Eilidh Doyle brought the curtain down on the British Indoor Trials last night in Sheffield with a 400 metres victory that maintained her unbeaten start to 2017. As ever, the Olympic bronze medallist has the summer, rather than the spring, at the front of her mind but there are always gains to be made and medals up for grabs.
Starting with next month’s European Championships in Belgrade where the 29-year-old, now assured of her place in the UK team, will have ambitions to improve upon the silver she acquired in Gothenburg in 2013, a platform from which she travelled onward to fifth place in her hurdles specialism at the subsequent outdoor world championships.
“That was my best season to date so we thought we’d replicate that this year,” she affirmed. “I didn’t do it in 2016 because I got married quite late in the year and it was all a bit of a rush. This time, we planned it from the start and it’s helped with confidence because I know my speed is there.”
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In a post-Olympic year, many are solely dabbling indoors or sitting out completely. Andy Butchart set a Scottish-best over two miles of 8.12.63 at the Millrose Games in New York on Saturday to come third at the event while Lynsey Sharp was also third in the 800m.
With neither requesting an exemption from the trials, it is understood both will skip the Europeans despite impressive American campaigns.
However, Guy Learmonth has no such reservations of a trip to the Serbian capital, charging clear towards victory in the 800m, another building block in a revival of his career that has centred on a return home to the Borders and a leaner, meaner frame.
“My Dad had drilled the tactics into me all week,” he said. “I run well when I’m front running and I’m shape. The way I’ve been running lately, they can’t keep up if I run like that. I didn’t want it to be tactical and it’s paid off.”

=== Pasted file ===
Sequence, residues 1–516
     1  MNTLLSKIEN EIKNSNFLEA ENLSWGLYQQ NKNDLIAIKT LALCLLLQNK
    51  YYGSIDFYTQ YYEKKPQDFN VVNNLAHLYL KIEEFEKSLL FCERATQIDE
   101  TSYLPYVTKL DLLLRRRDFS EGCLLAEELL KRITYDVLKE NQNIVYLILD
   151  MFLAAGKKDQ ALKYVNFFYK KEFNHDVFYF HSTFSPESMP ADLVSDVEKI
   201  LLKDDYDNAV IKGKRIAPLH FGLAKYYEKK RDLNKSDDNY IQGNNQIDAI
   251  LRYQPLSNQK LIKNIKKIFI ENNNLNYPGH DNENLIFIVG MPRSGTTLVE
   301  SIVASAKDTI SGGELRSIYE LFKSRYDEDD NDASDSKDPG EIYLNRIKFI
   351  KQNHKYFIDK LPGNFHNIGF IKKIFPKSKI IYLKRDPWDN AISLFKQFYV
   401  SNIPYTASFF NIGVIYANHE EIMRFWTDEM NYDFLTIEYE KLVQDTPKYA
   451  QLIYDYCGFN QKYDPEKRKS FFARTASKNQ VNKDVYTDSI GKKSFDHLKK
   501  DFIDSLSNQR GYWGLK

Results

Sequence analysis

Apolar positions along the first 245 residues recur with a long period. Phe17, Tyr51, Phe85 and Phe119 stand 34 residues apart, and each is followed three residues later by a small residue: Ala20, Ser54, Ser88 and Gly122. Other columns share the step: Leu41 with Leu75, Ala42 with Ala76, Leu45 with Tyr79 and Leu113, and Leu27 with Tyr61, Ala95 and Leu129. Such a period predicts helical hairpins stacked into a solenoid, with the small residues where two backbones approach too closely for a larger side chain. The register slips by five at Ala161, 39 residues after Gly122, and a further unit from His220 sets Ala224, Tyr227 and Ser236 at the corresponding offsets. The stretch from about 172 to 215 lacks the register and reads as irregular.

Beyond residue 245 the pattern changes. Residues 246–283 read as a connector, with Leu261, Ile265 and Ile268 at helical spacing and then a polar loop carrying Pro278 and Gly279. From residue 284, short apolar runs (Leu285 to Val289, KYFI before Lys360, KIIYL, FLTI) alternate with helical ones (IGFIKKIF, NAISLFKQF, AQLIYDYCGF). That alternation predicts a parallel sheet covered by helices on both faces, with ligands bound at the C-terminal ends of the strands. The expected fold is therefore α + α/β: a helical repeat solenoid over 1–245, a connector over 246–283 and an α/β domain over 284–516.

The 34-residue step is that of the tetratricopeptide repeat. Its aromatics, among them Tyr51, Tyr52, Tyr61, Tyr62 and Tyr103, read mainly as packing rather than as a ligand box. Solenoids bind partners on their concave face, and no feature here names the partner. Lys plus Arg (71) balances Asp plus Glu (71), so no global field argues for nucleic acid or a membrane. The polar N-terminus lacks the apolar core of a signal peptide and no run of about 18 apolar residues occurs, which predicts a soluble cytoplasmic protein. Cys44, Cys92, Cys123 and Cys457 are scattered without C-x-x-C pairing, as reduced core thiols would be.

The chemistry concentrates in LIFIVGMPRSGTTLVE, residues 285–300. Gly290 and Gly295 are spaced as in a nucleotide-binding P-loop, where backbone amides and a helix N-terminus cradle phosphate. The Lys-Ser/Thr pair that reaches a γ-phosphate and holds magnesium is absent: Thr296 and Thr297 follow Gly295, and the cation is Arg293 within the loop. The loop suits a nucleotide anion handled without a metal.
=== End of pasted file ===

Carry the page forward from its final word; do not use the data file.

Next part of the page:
Eilish McColgan, freshly returned from Kenya, came up just short of a unprecedented medal double by landing silver in the 1500 metres final, 24 hours after holding off fellow Scot Steph Twell over 3000m. Long estranged from running indoors, the Dundonian is running carefree and confident following her winter’s work. “I’d have loved to have won the 1500 but I knew it was going to be tough,” she admitted. “But it was a good weekend, considering the amount of work I’ve done the past few weeks.”
Allan Smith claimed the UK indoor high jump title for the second time in three years ahead of London 2012 bronze medallist Robbie Grabarz. But with both men missing the Belgrade qualifier of 2.28m, the 24-year-old will now chase the height before next weekend’s deadline.
Meanwhile with a new France-based coaching team around her, version 2.0 of Katarina Johnson-Thompson formally began her reboot with second place behind Lorraine Ugen in the long jump.
Maddeningly unable to realise her potential in the heptathlon, the radical redesign, claims the Liverpudlian, has primarily reawakened her affection for the sport.
“I sort of didn’t enjoy anything over the last two years and it was going down that path where I wasn’t enjoying it and you could see it in my performances,” she revealed.
“I think being in one piece has got something to do with it. I’m not injured, I’m out there and enjoying it and not worrying about any of my body falling apart.”
Elsewhere there were bronzes for Mhairi Hendry in the 800m and Grant Plenderleith in the 200m which took the Scottish medal tally to eight.